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My mom's 401K
Old 07-22-2013, 09:15 AM   #1
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My mom's 401K

Hello all! I was hoping I could pick your brains a bit and get some advice for my mom.

My mom recently told me about her retirement account at ING, and I was taken back at the amount she had (just below $150K). She will qualify for SS in the Fall, so that should help her sustain the savings for the short term, but this isn't even what I need to ask the group advice for.

She informed me that she uses financial advisors to run her ING account and that they charge her approximately $600 a year to run it. I didn't get any specific info from her on her retirement account (investments), or her rate of return, but I didn't think it was necessary for her to have people run her account.

So my question to the group is, should someone that knows very little about investing have financial advisors run their account, or should I just sit down with her to review the available funds to invest in and see which ones look the most promising (diversification, bonds vs. stocks, rate of return, etc..)? Does anyone have good or bad experiences with financial advisors?

Thank you in advance for any assistance. It just frightens me to think about my mom struggling
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Old 07-22-2013, 09:29 AM   #2
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While I personally would DIY, 0.4% doesn't seem outrageous.

Is she retiring soon? Does the 401k include any stable value funds that might be useful as her fixed income component of her AA?

If she is retiring soon and the 401k doesn't provide any attractive investment alternatives I would be tempted to steer her to transfer her 401k to a Vanguard IRA and invest it in Wellesley as a KISS solution.

If her health is good and longevity is in the genes, she might be better off to delay SS and live off the part of her 401k for a while and then get a higher COLAd SS check for the rest of her life.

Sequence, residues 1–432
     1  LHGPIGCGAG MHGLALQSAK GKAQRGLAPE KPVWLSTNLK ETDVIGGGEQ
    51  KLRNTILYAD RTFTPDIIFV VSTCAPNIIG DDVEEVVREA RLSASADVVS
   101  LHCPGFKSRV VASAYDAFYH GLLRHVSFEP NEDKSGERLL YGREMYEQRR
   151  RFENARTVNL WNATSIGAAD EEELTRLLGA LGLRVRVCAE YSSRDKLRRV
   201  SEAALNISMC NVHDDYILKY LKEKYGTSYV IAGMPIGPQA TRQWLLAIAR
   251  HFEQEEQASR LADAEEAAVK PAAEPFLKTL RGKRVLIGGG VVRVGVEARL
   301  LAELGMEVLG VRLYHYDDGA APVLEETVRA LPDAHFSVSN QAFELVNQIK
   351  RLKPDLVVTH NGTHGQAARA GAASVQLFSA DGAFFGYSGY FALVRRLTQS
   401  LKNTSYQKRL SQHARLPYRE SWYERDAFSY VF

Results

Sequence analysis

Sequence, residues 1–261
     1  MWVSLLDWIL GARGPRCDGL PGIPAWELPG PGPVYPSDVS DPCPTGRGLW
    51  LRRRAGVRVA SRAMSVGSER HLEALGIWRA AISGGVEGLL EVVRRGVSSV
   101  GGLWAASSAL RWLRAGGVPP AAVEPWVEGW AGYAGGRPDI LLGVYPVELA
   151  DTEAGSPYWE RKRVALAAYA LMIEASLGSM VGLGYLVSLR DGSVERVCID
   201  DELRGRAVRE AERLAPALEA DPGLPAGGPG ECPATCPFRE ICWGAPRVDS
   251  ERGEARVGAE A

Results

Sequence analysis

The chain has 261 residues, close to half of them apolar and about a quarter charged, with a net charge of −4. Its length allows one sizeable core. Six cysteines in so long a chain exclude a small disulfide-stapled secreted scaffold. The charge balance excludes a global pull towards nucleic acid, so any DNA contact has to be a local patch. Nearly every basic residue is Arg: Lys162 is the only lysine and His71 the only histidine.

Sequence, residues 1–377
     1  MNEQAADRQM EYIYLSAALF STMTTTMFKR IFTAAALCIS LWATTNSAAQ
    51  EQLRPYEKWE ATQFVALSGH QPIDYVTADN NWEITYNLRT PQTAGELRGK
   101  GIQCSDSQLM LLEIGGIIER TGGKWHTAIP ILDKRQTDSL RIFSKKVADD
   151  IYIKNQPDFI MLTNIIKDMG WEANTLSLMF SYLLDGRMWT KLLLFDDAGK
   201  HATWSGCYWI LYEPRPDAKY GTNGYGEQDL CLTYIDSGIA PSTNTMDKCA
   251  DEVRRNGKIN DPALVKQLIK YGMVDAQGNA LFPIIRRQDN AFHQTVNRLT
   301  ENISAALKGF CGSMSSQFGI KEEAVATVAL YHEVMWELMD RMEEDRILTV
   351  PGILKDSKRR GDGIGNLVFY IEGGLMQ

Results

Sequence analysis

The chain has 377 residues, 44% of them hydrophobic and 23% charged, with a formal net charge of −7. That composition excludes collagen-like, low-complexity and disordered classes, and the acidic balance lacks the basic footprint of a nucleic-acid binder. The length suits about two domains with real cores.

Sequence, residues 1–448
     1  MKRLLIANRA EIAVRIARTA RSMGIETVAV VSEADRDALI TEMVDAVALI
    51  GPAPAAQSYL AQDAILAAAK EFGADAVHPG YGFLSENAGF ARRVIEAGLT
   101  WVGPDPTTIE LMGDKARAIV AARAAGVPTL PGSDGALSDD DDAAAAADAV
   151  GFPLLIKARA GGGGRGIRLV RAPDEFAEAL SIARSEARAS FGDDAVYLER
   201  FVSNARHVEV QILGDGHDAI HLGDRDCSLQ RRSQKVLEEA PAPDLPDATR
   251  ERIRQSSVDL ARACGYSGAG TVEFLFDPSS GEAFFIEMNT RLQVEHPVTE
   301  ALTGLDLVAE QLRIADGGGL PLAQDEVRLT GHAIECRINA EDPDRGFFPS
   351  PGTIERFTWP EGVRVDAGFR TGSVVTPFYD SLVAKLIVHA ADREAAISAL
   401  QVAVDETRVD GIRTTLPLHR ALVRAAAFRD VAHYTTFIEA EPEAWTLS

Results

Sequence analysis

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Old 07-22-2013, 09:37 AM   #3
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$600/$150,000 = MER of 0.4%, which seems very reasonable.

Here are ING's MERs and performance data for its US funds.

Prices & Performance - INGFunds.com
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Old 07-22-2013, 09:51 AM   #4
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pb4uski - She is semi-retired and w#rks part time. Her health is fairly good, but she has filed the SS paperwork already and is quite adamant that she needs the money now. I'll just say that I agree with her that she should take SS early, because her financial situation isn't the healthiest. Generally, I agree with delaying SS, but my mom just needs it now.

I will have to review her funds with her (thank you Meadbh!) and what they look like.
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Old 07-22-2013, 12:03 PM   #5
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It sounds like the $600 ( 0.4%) is their fee, there is still the expense ratio of the fund, right? Look to be generally over 1% from that link.

But if she mostly just has SS, $600 is still $600, and that is significant for her.

pssssstttttt....Wellesley, or a retirement target fund?

-ERD50
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Old 07-22-2013, 12:30 PM   #6
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If your mom trusts the financial advice she is getting, then it may help her stay invested in a volatile market.

There is no way to tell whether the advice is good or not without analyzing what she is invested in.

fd
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Old 07-22-2013, 03:17 PM   #7
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I think I would leave it alone. What if you advise her to not use ING and then whatever she chooses to do loses money? The fee is not that much and she has grown more of a nest egg than you expected her to have, apparently, so she must be happy enough.
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Old 07-22-2013, 05:26 PM   #8